“Yes, in 1946 I was in a place called Jewell, North Dakota. It was winter and snow was everywhere! I was working at a diner there waiting tables. One day I went to sign in for my shift and Charlie, the cook, handed me an envelope and said my brother had left me a note. Plus, I don’t have a brother, a biological brother that is.” Willie laced her perfectly lacquered fingers together over her knee. “It was a note saying he was glad he had found me. He said he would be back, but he never came and there were no more letters. Charlie couldn’t really describe the man who had left the note because he was wearing a hat low over his eyes and a big heavy wool coat. Charlie did say my brother looked really down on his luck. A lot of returning soldiers had a hard time of it when they got back. There weren’t any classes for them to readjust to civilian life, and most of them were still very high strung from the fighting.
“I didn’t hear from him again until ten years later, in August of 1956. I was living in California under the name of Mary Louise Hughes. I had created a nice life for myself as an art dealer. Picasso was man of the hour with his frantic, frenetic paintings and vision. Poetry and independence went around like fine wine at parties. The pot wasn’t too bad either. I would go so far to say the weed we had in the Fifties was much better than the weed we had in the Sixties, but nothing can touch the different flavors circulating now. Oh, darlings, don’t look at me like that! Weed has been the best ‘silent’ drug of the entire world as long as the world has existed!” Willie said with a happy laugh. “Nothing like that should shock you,” she added, smiling knowingly.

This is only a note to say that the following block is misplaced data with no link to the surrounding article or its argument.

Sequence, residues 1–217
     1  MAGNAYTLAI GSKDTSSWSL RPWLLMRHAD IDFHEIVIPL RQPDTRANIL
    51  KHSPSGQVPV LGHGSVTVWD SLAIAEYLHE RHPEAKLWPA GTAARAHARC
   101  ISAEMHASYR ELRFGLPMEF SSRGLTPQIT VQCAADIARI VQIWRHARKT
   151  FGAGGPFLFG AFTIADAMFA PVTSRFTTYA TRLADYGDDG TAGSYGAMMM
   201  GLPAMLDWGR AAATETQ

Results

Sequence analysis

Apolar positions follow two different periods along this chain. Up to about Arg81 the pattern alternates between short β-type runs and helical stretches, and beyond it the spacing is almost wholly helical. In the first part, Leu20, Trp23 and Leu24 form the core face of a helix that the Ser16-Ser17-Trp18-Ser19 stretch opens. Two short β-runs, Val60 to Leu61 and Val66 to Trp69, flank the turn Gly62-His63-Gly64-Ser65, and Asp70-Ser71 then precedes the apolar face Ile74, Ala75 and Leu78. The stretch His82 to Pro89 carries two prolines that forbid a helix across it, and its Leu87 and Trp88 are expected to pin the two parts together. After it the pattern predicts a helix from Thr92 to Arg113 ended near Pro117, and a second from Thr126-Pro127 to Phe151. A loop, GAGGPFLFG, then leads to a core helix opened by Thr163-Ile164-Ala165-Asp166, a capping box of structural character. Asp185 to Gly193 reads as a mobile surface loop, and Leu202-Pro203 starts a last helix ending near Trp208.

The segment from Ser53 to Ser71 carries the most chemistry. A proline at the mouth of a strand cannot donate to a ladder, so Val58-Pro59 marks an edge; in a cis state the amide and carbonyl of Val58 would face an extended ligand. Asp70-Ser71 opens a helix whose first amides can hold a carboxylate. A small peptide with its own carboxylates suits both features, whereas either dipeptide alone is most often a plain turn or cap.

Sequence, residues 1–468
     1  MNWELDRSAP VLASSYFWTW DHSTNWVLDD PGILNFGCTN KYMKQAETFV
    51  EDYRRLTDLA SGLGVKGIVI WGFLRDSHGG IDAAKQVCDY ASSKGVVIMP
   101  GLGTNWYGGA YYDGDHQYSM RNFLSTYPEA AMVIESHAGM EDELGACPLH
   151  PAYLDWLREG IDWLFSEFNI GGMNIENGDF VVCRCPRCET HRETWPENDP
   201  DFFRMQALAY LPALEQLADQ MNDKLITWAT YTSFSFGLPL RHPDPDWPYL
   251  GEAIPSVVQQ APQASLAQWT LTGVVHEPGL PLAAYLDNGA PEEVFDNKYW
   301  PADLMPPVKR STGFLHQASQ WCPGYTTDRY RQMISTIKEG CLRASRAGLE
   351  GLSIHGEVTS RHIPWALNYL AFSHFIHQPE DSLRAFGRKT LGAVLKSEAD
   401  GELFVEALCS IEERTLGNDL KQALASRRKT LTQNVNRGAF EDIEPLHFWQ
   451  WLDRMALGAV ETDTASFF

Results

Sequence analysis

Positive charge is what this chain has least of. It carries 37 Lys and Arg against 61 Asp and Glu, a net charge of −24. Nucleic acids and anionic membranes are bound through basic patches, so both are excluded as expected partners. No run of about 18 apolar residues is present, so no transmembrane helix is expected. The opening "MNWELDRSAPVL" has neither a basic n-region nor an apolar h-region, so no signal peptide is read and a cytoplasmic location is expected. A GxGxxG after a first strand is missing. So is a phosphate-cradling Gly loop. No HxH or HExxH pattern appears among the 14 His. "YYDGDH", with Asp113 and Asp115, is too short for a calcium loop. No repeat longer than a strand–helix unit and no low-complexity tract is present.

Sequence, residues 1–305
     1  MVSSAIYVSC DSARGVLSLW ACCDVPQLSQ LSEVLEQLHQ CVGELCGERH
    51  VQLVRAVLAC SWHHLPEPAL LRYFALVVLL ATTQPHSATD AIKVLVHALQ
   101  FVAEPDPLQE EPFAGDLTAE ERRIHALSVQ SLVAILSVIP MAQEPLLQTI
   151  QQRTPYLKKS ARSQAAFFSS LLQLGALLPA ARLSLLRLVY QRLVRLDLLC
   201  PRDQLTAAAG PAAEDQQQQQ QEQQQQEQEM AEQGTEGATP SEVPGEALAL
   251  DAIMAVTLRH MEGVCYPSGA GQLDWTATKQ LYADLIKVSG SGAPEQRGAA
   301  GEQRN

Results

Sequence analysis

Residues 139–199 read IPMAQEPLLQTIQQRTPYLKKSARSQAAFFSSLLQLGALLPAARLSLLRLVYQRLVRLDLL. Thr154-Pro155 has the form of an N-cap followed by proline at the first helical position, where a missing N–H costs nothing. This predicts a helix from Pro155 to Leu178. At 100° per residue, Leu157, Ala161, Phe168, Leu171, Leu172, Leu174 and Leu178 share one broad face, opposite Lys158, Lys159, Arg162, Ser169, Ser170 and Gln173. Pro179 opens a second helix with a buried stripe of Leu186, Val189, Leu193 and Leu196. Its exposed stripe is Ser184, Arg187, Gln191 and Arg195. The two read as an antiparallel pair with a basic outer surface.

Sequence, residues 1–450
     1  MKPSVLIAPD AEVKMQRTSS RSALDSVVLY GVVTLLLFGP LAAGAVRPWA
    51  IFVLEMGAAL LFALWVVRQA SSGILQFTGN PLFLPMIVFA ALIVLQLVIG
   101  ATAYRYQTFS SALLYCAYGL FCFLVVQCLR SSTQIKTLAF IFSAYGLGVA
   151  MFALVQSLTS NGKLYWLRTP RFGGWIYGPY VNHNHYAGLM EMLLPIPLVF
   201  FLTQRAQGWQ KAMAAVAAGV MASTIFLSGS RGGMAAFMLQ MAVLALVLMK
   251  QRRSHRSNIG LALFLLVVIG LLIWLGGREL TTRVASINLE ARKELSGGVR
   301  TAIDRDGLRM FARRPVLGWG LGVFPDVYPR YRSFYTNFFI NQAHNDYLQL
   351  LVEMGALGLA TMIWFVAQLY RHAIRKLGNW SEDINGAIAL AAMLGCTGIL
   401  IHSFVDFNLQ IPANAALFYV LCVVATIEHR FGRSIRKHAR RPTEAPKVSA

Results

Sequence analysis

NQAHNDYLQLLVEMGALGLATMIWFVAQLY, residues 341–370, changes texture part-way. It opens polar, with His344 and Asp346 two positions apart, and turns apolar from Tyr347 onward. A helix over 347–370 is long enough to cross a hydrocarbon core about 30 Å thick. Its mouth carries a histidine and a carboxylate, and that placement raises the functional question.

“Anyway, he contacted me in 1956 and said he had a different idea for the game, the duel. He said he had found a student he was then training. He encouraged me to find a student for the contest. I refused – I didn’t see why anyone else should be harmed in this mess he had created in his head for the two of us. I am no slouch in defending myself physically or mentally, but I had accepted a challenge from him not his student. I said so, as such, in an open add in one of the little radical newspapers, because that was how he said to give him my answer.
“I didn’t know any of the killings were still going on until I heard in the grapevine ‘another challenge’ had been sent out last year.”
“What grapevine?” Emily asked, leaning forward now. Benny lifted his head to give her a sizing look to determine if she was getting up. When he was satisfied Emily was staying in the same place more or less, he lay his head back down with a contented sigh.
“Those of us with true talent have our own network, of sorts. I had actually dropped out of it for quite a number of years because I was tired of all the talk of making money. I have enough money. I have lived and worked and saved, and married, money a couple of times. I don’t want money. Companionship and friends who understand is a lot harder to come by than money, let me tell you!” Willie added with an emphatic nod of her head.